On 9 August, at an appeal hearing, the SCC sentenced Salma al-Shehab, a PhD student and activist, to 34 years in prison to be followed by a 34-year travel ban for her writing and peaceful Twitter activity in support of women’s rights in Saudi Arabia. The prosecution demanded a harsher punishment after she was initially sentenced to six years in prison. The harsher sentence was based on the discretion of the judge to punish her for “disrupting public order and destabilizing the security and stability of the state” through publishing tweets, citing Articles 34, 38, 43 and 44 of the counter-terrorism law and Article 6 of the anti-cyber crime law.1
After a grossly unfair trial, on 11 October the SCC sentenced 10 Egyptian Nubian men to between 10 and 18 years in prison for organizing a peaceful remembrance event.2 The men had spent over two years in arbitrary pre-trial detention.
Human rights defenders
Human rights organizations remained banned under the Law on Associations. Human rights defenders and activists continued to be arbitrarily detained, harassed in detention or subjected to arbitrary travel bans that restrict their freedom of movement. Dozens continued to serve prison terms for their human rights work.
In March, Raif Badawi, a blogger and activist, was conditionally released after serving a 10-year prison sentence for creating an online forum for public debate for which he was accused of insulting Islam. A 10-year travel ban began on his release, as part of his sentence.3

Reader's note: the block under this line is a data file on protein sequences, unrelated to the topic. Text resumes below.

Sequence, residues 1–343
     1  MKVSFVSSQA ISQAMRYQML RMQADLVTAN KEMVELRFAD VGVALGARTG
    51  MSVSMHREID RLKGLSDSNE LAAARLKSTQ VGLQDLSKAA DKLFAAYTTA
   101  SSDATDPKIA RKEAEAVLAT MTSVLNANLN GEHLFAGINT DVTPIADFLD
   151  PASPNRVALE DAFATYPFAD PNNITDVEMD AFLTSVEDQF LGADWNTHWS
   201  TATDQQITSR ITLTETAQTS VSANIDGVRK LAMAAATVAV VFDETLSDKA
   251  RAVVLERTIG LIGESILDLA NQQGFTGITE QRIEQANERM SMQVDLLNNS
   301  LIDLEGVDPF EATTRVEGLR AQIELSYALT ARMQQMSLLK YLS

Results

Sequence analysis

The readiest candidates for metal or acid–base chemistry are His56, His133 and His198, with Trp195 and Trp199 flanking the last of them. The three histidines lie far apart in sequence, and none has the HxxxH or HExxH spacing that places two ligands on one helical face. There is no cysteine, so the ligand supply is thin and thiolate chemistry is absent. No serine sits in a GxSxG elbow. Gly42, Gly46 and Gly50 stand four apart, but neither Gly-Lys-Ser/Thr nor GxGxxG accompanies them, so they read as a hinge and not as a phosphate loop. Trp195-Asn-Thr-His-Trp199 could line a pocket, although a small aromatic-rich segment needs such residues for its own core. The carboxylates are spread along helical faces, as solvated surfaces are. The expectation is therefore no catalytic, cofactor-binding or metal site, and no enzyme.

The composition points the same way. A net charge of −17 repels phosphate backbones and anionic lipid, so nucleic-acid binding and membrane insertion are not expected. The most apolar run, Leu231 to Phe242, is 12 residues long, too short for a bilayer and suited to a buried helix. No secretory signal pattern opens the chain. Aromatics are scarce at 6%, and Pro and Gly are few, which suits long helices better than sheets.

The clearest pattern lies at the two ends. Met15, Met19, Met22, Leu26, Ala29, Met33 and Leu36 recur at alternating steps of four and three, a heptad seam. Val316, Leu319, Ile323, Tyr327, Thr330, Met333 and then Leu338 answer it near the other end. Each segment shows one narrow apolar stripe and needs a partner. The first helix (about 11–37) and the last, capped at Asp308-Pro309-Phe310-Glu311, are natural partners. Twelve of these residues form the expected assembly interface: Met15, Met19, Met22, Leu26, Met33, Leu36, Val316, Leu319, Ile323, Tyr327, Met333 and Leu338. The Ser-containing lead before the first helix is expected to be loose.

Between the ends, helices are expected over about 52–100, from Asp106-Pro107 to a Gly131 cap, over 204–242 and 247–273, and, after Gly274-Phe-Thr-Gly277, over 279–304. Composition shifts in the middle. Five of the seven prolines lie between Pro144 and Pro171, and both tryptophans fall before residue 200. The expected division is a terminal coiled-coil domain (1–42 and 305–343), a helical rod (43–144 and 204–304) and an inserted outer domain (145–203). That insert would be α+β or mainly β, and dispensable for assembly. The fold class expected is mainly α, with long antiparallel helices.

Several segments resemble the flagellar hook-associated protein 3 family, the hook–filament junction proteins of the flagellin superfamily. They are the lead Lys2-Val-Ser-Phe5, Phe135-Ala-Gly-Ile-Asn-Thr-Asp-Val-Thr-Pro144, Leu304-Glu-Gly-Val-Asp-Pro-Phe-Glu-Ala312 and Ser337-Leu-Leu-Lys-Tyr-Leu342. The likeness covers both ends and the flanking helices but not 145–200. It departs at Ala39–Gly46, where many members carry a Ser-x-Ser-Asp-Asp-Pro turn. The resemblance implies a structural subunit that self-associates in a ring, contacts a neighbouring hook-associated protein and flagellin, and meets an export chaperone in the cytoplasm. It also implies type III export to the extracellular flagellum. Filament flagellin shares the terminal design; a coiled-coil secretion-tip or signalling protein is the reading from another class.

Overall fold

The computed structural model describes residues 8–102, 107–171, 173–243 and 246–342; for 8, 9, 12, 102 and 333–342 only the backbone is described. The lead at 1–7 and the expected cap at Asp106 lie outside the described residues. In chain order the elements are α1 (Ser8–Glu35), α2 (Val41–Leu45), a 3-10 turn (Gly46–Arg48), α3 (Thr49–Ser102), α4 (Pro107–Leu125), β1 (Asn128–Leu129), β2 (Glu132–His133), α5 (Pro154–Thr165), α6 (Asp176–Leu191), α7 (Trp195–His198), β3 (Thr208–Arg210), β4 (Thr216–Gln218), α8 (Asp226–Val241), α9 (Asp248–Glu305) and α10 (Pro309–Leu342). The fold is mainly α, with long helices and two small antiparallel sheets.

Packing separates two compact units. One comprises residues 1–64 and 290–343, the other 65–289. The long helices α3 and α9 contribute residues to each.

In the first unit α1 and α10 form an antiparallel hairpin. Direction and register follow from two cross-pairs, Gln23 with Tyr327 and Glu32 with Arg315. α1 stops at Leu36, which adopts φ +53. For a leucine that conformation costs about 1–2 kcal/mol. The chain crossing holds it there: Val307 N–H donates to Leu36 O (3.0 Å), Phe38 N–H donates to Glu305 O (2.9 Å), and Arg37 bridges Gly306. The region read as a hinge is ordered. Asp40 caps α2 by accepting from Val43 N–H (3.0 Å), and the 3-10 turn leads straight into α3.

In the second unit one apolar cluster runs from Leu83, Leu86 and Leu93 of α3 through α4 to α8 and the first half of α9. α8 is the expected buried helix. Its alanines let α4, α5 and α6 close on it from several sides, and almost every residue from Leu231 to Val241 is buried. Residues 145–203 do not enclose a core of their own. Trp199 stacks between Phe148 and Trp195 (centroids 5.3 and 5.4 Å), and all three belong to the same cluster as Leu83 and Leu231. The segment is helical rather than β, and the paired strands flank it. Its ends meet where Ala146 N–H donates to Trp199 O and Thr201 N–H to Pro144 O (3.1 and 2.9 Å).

Mohammad al-Qahtani, a human rights defender and founding member of the Saudi Civil and Political Rights Association, was denied family contact from October until the end of the year. In May, he was assaulted by another prisoner held with him in the same ward who had mental health problems.
The authorities sentenced to death and executed individuals convicted of murder, robbery, rape, drug smuggling and terrorism-related crimes following grossly unfair trials. In February, the Saudi Human Rights Commission told Amnesty International that the country no longer executed individuals “for crimes committed by minors” and had commuted all such outstanding sentences. However, between June and October, the SCC and another criminal court upheld the death sentences of three young men who were under the age of 18 at the time of the capital crimes.4
In the single largest mass execution in recent decades, 81 men – citizens and foreign nationals – were executed on 12 March. According to the Ministry of Interior, those executed were convicted of a range of offences, including terrorism-related crimes, murder, armed robbery and arms smuggling. Some of those executed were also convicted of “disrupting the social fabric and national cohesion” and “participating in and inciting sit-ins and protests”, which describe acts that are protected by the rights to freedom of expression, peaceful assembly and association. Of those executed, 41 were from Saudi Arabia’s Shi’a minority.5